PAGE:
Step right up, Bud Norris. You’re next. Or are you?
With Matt Garza and Jake Peavy off the market. With Cliff Lee too expensive and Ervin Santana unavailable. With the Orioles and Diamondbacks and A’s on the hunt for pitching. Actually, with almost every contender in the market for one more arm.
With all that going on, Astros GM Jeff Luhnow seems to be in a good position in these final hours before this afternoon’s non-waiver Trade Deadline. Norris is 28 years old and under team control for two more years. He’s making a bargain-basement $3 million.
He’s pitching well, too, with quality starts in nine of his last 12 turns. He’s cocky and competitive and anxious to be in a pennant race. He’s younger than Garza and Peavy. He has more innings and strikeouts than either of them. His ERA is lower than Peavy’s. His fastball averages 92.4 mph, his slider 84 mph, according to Fangraphs.com.
Luhnow has told clubs that he’s simply listening to offers for Norris and not especially motivated to move him. This may be more than posturing. Regardless of what happens with Norris, this is the last player for whom Luhnow can expect a significant return.
There has been discussion within the organization about the wisdom of trading him. At some point, the Astros are going to stop stripping down the franchise. Should that happen right after trading Bud Norris? Or should it happen now? With the Astros headed toward a third straight 100-loss season, with attendance having declined 50 percent the last decade, with the games on local television in almost 40 percent of the area homes, this is a tough time to be an Astros fan.
Management attempted to send a different sort of message recently with the signing of second baseman Jose Altuve to a four-year extension, but that’s just window dressing. Winning is the only thing that will put fannies back in seats.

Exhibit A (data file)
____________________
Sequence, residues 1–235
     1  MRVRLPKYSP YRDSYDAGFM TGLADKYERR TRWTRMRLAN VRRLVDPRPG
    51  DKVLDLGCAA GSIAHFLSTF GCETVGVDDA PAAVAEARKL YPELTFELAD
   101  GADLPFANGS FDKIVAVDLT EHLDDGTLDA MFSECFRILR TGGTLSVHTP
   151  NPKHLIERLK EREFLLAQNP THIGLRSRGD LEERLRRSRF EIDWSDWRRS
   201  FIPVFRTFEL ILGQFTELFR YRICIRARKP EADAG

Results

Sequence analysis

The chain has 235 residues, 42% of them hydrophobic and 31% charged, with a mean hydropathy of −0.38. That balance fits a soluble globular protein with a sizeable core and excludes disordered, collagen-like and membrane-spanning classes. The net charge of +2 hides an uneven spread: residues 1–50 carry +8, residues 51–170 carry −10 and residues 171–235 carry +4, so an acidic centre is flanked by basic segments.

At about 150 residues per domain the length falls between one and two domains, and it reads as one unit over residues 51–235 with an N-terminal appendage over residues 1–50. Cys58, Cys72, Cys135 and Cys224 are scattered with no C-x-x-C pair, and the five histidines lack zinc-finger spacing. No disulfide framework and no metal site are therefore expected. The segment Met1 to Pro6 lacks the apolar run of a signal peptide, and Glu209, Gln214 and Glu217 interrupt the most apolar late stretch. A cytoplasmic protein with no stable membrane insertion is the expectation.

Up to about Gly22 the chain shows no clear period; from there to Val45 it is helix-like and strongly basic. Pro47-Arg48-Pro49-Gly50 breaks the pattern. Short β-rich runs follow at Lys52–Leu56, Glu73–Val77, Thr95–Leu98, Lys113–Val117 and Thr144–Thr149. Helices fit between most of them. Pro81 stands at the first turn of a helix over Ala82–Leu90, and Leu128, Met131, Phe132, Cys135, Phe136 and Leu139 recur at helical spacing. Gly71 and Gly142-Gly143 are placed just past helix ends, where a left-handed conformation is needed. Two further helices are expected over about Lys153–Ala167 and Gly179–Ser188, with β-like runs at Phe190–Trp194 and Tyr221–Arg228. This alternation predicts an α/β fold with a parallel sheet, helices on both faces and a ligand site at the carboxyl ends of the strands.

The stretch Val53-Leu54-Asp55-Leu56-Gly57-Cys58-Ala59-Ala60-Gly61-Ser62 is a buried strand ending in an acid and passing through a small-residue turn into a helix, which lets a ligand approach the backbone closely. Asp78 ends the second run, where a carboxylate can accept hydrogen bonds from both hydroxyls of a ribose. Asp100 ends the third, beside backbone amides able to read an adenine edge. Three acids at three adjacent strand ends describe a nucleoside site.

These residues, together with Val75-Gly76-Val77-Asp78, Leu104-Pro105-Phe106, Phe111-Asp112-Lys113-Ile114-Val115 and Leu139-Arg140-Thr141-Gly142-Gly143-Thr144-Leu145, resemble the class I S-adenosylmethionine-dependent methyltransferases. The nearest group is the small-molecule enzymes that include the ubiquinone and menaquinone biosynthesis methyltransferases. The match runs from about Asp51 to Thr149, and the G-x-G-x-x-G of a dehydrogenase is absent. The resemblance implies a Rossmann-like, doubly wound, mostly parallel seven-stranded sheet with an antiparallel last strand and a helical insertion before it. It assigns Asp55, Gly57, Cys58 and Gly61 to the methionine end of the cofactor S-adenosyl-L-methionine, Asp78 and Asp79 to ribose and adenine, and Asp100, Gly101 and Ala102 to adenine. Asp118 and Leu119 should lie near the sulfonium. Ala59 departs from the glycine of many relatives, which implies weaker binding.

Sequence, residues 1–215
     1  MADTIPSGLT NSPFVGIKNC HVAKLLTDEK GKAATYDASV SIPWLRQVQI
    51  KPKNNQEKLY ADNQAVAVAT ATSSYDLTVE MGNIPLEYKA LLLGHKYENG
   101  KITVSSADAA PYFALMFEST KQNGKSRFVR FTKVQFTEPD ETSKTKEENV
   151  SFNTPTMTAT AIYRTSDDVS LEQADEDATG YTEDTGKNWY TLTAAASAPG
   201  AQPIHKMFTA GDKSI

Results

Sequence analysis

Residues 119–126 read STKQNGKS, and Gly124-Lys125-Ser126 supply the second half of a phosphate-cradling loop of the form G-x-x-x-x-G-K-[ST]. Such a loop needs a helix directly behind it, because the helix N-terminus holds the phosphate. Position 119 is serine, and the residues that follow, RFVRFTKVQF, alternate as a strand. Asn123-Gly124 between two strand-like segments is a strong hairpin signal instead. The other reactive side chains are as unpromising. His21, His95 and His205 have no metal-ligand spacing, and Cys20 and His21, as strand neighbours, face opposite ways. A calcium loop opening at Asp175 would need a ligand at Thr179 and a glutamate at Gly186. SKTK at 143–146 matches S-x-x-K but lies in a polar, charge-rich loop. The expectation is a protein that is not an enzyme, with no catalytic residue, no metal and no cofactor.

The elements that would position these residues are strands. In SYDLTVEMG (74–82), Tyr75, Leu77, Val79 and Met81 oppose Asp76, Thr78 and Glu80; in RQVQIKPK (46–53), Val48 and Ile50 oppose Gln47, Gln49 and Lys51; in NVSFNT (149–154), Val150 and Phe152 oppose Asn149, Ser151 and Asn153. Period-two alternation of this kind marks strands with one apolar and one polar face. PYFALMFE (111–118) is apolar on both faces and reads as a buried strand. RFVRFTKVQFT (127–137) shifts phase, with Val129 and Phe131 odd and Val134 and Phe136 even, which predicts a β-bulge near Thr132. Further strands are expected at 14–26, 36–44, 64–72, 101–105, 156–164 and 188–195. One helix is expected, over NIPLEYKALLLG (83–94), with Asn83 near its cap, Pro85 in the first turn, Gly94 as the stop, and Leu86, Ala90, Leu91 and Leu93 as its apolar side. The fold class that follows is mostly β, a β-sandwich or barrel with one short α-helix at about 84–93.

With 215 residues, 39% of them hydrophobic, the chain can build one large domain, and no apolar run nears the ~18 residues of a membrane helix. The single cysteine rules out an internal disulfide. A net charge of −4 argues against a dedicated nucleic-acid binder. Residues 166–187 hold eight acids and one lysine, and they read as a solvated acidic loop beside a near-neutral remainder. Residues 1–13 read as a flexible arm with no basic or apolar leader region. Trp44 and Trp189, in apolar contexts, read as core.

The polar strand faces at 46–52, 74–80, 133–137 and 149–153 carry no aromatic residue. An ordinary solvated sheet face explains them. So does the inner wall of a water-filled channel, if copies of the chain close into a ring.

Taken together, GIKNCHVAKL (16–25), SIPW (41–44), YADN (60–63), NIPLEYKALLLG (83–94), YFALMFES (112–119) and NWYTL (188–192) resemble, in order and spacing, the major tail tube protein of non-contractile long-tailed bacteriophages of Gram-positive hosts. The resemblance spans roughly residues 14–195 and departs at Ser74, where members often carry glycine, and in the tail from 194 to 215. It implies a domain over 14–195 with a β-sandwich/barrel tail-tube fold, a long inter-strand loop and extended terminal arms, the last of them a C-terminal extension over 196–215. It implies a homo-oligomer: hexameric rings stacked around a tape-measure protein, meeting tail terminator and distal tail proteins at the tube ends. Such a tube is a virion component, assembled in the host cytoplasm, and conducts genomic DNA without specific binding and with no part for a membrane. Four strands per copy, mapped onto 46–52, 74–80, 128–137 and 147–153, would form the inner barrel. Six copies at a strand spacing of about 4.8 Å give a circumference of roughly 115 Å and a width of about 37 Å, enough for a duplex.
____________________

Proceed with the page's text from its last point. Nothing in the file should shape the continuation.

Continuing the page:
There’s hope. Shortstop Jonathan Villar, 22, and right-hander Jarred Cosart, 22, are in the big leagues. Outfielder George Springer and first baseman Jonathan Singleton are putting up nice numbers at Triple-A. Others appears to be on the way, and Luhnow’s history of running Cardinal drafts suggests his competence.
But it’s an uncertain path. As the Royals have learned, young players don’t come with guarantees. It’s the only way to build a franchise, but the building part of it can be longer and more painful than the way it’s drawn up. So the Astros have no idea how soon they’ll be respectable again.
Does Luhnow use Norris to add another piece to the farm system, or does he keep him and hope to make the rotation more competitive in 2014. He seems inclined to move him and to start fast-tracking his best kids to the big leagues in 2014-2015.
There’s no right answer for any of this. The Astros waited way too long to being this kind of reconstruction. Jim Crane is doing exactly what he promised to do when he bought the club in 2011. But another phase of the project has almost arrived. Bud Norris can contribute by either staying or going.